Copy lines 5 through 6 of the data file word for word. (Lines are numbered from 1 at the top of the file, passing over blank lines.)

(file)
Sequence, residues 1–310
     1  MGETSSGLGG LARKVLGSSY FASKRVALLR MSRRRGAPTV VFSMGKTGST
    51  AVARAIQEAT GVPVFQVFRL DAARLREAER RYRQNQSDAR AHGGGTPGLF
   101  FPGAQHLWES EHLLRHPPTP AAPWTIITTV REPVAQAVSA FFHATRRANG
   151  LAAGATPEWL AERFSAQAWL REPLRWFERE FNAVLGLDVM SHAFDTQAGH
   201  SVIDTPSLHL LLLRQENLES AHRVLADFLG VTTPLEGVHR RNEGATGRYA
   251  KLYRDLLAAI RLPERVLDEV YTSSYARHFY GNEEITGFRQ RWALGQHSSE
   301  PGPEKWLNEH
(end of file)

   151  LAAGATPEWL AERFSAQAWL REPLRWFERE FNAVLGLDVM SHAFDTQAGH
   201  SVIDTPSLHL LLLRQENLES AHRVLADFLG VTTPLEGVHR RNEGATGRYA